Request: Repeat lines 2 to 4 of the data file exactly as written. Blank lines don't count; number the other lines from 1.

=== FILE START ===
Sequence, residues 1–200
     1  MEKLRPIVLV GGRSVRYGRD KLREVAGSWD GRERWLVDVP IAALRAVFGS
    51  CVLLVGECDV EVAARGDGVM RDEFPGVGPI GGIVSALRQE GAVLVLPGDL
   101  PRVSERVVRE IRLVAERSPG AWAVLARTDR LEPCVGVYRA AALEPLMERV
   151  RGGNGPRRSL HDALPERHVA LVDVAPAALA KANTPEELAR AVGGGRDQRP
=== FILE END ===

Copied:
     1  MEKLRPIVLV GGRSVRYGRD KLREVAGSWD GRERWLVDVP IAALRAVFGS
    51  CVLLVGECDV EVAARGDGVM RDEFPGVGPI GGIVSALRQE GAVLVLPGDL
   101  PRVSERVVRE IRLVAERSPG AWAVLARTDR LEPCVGVYRA AALEPLMERV